With India’s exports declining for a sixth consecutive month, exporters have made a slew of recommendations ranging from creation of an export development fund for small and medium enterprises, tax exemptions for units functioning in special economic zones (SEZs) to interest subvention on credit and enhancement of duty drawback rates for the industry to lift outbound shipments.
India’s exports shrunk 1.6 per cent to $23.25 billion in October, mainly due to contracting global demand.
The recommendations by exporters come ahead of the Directorate General of Foreign Trade (DGFT) completing a detailed sectoral review tommorow on incentives to boost exports. “The review would be concluded in the next two days. We will then see if there is a need to fine-tune this year’s foreign trade policy (FTP) or whether specific steps need to be taken to improve export performance,” said Commerce Secretary S R Rao.
The commerce department is likely to provide incentives to exporters from the Budget allocation of Rs 1,673 crore for the current financial year.
Sanjay Budhia, chairman, CII National Committee on Exports and Imports, said, “The contraction in demand in the developed world has hit exports. The government should include markets like the US under the focus market scheme to offset high freight costs and other externalities to make our products more competitive overseas. The ministry also needs to provide support to micro and small enterprises through the creation of an export development fund, which will help them gain access to unexplored markets.”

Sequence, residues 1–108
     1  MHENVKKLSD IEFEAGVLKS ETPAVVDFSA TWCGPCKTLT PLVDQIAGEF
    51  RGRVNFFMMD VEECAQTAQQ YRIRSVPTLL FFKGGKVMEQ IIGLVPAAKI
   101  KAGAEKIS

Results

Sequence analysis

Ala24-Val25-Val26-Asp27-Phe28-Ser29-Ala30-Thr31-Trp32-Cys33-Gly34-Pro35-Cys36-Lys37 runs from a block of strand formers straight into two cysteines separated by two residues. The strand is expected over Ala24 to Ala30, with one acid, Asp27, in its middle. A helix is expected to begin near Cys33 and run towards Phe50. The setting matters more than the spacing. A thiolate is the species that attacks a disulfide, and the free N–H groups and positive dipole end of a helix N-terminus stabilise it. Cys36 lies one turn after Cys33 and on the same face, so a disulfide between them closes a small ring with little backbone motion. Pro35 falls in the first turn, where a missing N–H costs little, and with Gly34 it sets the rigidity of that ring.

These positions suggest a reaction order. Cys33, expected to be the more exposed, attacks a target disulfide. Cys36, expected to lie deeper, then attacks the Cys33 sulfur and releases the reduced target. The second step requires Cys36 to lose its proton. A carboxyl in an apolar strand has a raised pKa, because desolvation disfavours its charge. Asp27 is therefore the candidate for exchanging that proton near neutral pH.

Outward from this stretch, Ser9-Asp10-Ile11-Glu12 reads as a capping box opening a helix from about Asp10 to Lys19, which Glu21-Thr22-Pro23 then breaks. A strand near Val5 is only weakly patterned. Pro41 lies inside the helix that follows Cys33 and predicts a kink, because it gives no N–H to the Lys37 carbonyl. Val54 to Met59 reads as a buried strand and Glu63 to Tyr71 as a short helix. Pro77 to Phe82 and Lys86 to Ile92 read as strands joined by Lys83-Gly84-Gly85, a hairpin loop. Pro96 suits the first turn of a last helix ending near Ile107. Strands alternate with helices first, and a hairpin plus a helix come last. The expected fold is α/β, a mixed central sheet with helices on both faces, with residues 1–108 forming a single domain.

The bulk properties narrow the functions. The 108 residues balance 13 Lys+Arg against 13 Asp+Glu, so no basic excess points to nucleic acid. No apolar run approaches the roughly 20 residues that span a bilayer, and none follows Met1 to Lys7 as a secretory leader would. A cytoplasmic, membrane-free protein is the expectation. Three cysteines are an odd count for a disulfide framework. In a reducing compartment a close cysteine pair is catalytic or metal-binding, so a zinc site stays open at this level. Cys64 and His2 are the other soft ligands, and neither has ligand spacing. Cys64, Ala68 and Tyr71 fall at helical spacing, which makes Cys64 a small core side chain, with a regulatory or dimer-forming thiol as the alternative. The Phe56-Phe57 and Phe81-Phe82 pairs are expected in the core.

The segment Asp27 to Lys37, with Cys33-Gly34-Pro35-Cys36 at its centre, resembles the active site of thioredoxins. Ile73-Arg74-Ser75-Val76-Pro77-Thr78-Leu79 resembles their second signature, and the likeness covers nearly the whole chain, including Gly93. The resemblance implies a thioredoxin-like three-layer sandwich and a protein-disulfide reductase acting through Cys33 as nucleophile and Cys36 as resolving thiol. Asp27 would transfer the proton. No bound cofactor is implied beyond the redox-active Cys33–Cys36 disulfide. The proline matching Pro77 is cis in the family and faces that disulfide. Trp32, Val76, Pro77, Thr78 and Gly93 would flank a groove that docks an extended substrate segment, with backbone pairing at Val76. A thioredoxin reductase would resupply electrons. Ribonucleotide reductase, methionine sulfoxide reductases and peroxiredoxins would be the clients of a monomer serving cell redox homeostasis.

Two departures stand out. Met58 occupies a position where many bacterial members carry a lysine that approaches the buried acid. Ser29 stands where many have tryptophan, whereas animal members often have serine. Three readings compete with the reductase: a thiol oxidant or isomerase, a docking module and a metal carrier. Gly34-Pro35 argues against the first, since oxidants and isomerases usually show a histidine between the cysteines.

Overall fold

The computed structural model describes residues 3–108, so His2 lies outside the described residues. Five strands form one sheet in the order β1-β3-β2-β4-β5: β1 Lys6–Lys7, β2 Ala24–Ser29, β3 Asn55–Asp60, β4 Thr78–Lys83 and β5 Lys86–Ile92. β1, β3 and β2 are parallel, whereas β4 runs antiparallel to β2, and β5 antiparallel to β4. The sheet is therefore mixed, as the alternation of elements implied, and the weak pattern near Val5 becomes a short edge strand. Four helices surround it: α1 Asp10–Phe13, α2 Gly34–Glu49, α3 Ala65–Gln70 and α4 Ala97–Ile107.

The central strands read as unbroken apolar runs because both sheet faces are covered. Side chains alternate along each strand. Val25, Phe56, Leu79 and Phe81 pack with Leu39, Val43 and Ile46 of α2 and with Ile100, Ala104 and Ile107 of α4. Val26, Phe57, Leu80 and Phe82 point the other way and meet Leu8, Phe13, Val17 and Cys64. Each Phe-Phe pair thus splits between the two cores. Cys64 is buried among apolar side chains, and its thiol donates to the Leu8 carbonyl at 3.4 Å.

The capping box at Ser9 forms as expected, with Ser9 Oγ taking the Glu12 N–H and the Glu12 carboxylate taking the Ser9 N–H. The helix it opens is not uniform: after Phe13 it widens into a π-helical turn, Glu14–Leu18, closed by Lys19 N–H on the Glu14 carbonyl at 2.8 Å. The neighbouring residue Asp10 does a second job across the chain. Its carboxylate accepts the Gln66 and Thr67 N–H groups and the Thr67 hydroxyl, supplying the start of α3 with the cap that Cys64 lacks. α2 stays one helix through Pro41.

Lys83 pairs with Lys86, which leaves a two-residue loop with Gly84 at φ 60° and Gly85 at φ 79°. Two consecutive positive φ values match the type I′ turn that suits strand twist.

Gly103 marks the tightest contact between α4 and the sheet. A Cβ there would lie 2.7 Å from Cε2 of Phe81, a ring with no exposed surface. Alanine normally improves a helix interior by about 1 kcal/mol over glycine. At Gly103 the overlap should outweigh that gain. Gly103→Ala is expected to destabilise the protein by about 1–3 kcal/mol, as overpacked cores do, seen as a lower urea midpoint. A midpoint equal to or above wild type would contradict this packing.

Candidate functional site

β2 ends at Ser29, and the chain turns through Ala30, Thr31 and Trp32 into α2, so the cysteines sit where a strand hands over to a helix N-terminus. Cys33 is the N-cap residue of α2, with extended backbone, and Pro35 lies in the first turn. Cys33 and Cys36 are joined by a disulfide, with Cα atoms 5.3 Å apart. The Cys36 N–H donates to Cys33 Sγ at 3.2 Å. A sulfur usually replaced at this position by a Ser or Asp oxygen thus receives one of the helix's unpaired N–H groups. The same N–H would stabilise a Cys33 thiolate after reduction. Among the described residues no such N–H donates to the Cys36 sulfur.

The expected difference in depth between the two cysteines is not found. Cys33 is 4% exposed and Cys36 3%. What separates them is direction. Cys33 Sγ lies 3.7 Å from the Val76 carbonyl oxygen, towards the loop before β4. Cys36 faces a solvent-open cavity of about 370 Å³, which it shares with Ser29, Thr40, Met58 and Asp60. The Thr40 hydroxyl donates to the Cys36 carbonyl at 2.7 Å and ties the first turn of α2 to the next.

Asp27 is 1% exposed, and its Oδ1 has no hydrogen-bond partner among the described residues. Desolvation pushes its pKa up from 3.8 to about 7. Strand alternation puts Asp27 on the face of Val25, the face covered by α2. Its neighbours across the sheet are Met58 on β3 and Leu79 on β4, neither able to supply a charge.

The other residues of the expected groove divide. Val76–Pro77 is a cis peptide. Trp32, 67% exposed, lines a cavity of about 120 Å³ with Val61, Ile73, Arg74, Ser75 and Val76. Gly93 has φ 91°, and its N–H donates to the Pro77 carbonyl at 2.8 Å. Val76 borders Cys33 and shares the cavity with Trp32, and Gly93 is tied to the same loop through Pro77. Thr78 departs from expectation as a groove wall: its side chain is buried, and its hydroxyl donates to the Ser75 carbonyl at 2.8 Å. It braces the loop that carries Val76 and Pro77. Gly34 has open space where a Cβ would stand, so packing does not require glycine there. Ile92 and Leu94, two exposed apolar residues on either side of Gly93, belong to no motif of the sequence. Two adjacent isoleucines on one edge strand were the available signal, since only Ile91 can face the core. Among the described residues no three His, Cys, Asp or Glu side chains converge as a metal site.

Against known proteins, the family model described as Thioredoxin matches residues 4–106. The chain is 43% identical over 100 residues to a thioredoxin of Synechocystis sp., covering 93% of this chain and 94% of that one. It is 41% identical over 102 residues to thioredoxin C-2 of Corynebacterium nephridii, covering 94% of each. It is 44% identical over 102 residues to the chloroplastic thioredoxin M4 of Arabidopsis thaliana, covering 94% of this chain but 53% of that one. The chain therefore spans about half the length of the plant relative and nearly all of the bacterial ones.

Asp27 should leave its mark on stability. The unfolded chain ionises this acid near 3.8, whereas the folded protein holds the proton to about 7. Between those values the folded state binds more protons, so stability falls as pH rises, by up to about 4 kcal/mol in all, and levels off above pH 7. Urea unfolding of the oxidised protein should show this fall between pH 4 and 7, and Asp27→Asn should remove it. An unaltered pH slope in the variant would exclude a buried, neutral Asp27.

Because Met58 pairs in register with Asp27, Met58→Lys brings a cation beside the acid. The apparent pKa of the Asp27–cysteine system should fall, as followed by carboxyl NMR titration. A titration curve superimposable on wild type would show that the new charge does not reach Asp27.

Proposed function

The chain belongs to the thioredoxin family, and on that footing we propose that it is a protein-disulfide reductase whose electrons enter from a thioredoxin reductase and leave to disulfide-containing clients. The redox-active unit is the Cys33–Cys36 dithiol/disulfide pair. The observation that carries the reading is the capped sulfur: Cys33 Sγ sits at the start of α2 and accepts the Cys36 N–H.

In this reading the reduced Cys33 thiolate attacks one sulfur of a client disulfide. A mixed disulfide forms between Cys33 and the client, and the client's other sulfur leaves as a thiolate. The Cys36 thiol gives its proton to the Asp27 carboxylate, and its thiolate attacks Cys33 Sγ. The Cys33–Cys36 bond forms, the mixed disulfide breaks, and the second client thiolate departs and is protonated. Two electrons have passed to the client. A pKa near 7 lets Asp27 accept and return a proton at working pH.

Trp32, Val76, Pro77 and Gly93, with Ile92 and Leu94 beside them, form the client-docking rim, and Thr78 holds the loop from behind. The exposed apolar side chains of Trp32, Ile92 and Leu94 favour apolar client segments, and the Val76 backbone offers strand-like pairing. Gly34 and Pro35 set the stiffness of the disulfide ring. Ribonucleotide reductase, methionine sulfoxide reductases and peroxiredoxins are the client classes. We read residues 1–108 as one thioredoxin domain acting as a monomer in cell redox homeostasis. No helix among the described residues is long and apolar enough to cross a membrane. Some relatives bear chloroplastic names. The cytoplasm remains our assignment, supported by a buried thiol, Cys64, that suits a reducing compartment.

Among the sops recommended by the industry is the demand to cap interest rates on credit for exporters at nine per cent, abolition of minimum alternate tax and dividend distribution tax for units operating out of SEZs and enhancement of duty drawback rates to five-six per cent from the current two-three per cent.
“Nearly 30 per cent of exports take place out of SEZs. As much as Rs 2 lakh crore has been invested by developers in these zones, but the current policy is not favourable for unit holders. The government needs to revamp the existing guidelines and extend tax exemptions to boost activity in SEZs,” said Budhia.
Ajay Sahai, director-general, Federation of Indian Export Organisations, said, “Exports have not been encouraging in October as well. The issue is that some of the concessions, which were announced in the FTP in June have not been implemented by the finance ministry."
Sahai said the FTP stated that the scope of the zero duty EPCG (export promotion capital goods) scheme would be enlarged and exports via e-commerce would be given FTP benefits. These have not happened. "The second sectoral review may offer some respite”, he said. While exports declined for the sixth month running, imports into the country went up by 7.4 per cent to $44.21 billion, widening the trade deficit to a record high of $20.96 billion. Cumulatively, in the first seven months of this year, exports declined by 6.18 per cent to $167 billion from $178 billion in the same period last year, making it difficult for the government to achieve its exports target of $360 billion in 2012-13.